Recognition – When everyone else takes the credit for someone's work, sometimes they arrange for the truth to slip in to the public.

Cheating the system

This covers people funnelling money to bank accounts for personal gain, corrupting expenses reimbursement schemes and ordering an ’Extra‘ of valuable items for the company and taking them for personal use.

The bank LIBOR rate scandal is another example where people manipulated information to make automated systems alter their values in predictable ways and in doing so were able to profit greatly by removing randomness from systems.

Generally, the reason for cheating the system is simple.

Greed – By far the bulk of cheating internal systems is based around being able to profit from the exploits.

Entitlement – Sometimes it's less about direct greed and it's down to a sense that the company has not fairly compensated the employee and they just want to redress the balance.

Giving away access to people that shouldn‘t have it

This can be electronic or physical access. Sharing passwords for accounts with external parties, leaving doors or windows open at the end of the day, leaving deliberate security weaknesses in security systems such as VPNs and Firewalls.

This tends to be the path of people who have been externally influenced and do not have the skill or will to actually commit crime themselves directly, so they justify it by leaving the actual dirty work to others and only enabling.

Motivations include;

Loyalty to others – Doing it as a favour to a friend or family member who's in need.

Greed – Giving access to others with the skills in exchange for a cut of the profits.

Deleting, altering or corrupting files

This generally is the act of someone who has lost all loyalty to the organisation and feels that they have no more vested interest in assisting them. They will take steps to destroy efficiencies to spite those above them or destroy another member of staff whom they see as the source of their issues.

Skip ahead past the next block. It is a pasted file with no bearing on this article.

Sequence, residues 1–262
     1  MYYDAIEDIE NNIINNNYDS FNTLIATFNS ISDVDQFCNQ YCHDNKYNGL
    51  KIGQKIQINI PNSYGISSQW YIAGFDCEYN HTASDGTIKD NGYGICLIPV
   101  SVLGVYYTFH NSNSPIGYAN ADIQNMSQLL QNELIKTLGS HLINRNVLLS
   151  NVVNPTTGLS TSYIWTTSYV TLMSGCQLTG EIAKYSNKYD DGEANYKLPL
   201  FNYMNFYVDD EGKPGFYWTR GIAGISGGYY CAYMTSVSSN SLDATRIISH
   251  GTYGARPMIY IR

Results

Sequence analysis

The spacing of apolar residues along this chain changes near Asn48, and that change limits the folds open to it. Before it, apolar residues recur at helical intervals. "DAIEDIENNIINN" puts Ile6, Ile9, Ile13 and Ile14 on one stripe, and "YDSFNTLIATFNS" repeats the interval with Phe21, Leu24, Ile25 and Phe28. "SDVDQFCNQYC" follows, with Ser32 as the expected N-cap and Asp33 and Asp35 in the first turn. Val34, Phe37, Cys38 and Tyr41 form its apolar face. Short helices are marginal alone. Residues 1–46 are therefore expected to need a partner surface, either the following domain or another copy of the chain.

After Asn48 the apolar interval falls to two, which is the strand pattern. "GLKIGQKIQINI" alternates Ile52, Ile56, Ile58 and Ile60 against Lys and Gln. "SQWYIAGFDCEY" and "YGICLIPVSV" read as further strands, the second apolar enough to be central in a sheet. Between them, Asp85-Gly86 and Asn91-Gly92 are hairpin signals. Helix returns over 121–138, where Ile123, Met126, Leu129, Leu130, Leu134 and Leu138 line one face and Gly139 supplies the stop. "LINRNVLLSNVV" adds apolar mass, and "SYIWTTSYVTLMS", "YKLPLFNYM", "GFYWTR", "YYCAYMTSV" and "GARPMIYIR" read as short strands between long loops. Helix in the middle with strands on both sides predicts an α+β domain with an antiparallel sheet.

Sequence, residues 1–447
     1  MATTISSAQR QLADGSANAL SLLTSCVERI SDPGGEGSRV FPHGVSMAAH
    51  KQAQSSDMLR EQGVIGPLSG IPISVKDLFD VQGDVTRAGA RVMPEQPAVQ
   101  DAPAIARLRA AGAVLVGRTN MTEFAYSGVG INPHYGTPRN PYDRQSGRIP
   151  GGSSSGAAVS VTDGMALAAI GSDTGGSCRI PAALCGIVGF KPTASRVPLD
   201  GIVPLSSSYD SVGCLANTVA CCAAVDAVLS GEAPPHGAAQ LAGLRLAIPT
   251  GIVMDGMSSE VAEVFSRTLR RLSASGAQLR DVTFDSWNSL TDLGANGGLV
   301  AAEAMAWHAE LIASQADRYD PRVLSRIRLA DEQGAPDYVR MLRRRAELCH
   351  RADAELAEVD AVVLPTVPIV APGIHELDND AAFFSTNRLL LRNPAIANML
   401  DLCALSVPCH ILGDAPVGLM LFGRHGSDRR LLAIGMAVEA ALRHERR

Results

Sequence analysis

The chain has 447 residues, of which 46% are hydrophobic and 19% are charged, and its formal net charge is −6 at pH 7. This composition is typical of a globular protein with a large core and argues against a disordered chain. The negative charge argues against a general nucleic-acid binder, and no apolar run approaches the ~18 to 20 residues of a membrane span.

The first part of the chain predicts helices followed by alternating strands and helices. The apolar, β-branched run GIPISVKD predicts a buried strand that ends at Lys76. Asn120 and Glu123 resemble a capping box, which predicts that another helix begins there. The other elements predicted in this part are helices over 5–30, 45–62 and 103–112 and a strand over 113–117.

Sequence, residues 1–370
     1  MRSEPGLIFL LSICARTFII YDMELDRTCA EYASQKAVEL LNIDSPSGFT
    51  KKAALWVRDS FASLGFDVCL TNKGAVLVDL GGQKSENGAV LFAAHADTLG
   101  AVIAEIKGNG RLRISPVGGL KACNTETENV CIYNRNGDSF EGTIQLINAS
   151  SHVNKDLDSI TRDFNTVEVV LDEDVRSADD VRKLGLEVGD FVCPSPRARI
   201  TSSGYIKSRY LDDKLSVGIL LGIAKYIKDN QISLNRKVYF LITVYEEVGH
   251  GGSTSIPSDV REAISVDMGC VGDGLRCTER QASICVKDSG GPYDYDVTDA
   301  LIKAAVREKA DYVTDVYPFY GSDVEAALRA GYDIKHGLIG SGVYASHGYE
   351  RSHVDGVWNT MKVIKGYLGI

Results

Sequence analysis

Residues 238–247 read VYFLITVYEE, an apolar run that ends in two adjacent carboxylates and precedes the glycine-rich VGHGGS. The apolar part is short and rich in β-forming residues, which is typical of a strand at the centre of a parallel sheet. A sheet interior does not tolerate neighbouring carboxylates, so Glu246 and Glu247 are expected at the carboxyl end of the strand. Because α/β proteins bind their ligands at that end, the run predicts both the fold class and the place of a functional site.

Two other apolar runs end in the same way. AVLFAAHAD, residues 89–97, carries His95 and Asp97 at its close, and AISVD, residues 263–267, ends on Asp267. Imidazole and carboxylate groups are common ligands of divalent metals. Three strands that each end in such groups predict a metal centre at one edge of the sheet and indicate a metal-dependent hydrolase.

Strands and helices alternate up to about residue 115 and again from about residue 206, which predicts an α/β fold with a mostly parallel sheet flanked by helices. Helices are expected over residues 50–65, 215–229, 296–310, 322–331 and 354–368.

This can be destroying financial data to damage the company; presentations or documents to make a rival look a fool; or Intellectual property documents to devalue the organisation.

Direct sabotage tends to be motivated by one of two factors.

Revenge – Getting back at an organisation they believe has betrayed their loyalty over the years.

Ideology – Destroying files to stop an organisation doing something they see as morally bad, or to stop another member of staff from doing something they view as against the company's interests.

Breaking stuff

Then we get down to good old fashioned physical sabotage. This can be quite a varied form of threat from people breaking their work mobile phone as someone has a newer, better one and they are jealous, to arson on a grand scale by disgruntled staff who cannot stomach the company any longer.

It tends to follow the same lines as the electronic sabotage above when it comes to motivation.

Revenge – Getting back at an organisation they believe has betrayed their loyalty over the years.

Ideology – Destroying items to stop an organisation doing something they see as morally bad, or to stop another member of staff from doing something they view as against the company's interests.

Greed – Some people just want a shinier phone/laptop.